We know about the Lewis and Clark expedition. We know about Sacagawea. We know about John Jacob Astor, the fur and real estate tycoon who in 1848 was the richest man in the United States.

Now, with “Astoria,” Peter Stark tells the story of Astor’s attempt to build upon the expedition’s discovery of where the Columbia River spills into the Pacific Ocean. With a new American colony on the West Coast, Astor hoped to set up a global trade network with China, while his supporter Thomas Jefferson believed the outpost would bolster the young United States.

Such was the weight of wealth, ambition and history that fell upon Astor’s two advance parties, sent out with little more than a compass pointing west. The seagoing party endured a harrowing experience, led by a captain whose insecurities led many to their deaths.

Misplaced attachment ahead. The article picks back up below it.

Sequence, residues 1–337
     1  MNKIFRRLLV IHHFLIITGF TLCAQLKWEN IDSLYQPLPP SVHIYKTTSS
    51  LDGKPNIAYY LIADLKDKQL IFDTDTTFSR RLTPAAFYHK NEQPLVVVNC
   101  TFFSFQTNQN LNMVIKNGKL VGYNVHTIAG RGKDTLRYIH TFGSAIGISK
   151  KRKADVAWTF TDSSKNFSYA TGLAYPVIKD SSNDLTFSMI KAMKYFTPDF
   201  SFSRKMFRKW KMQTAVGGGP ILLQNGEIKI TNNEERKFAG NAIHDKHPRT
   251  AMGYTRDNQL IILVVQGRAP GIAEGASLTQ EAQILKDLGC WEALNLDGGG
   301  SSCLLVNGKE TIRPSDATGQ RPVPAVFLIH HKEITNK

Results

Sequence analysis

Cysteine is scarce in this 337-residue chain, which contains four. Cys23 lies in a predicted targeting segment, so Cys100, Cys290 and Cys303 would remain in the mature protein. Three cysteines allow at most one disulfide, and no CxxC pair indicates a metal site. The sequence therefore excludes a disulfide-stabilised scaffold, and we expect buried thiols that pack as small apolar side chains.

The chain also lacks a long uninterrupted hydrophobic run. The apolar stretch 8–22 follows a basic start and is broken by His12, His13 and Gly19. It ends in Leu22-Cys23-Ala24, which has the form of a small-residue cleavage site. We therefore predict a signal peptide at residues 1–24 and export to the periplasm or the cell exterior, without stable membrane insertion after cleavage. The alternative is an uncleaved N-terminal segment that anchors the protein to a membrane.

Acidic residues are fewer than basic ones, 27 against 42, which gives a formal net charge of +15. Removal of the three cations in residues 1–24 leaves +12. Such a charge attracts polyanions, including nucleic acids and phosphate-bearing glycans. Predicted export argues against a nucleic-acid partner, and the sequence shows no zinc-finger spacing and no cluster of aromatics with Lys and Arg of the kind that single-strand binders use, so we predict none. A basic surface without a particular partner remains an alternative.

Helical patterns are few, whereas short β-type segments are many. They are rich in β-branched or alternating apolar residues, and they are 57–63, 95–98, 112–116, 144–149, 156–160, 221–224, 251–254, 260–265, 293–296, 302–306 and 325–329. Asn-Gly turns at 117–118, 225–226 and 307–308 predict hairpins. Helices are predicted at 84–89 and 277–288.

The overland trek was no less arduous, given the bushwhacking nature of that party’s slow progress and, again, a leader whose style was ill-suited to the task. Astoria was built, barely, and ultimately abandoned. But the story of its founders is harshly inspiring, a deeply researched look into the irresistible drive to explore the unknown and the capacity of people to survive, not only the elements, but one another.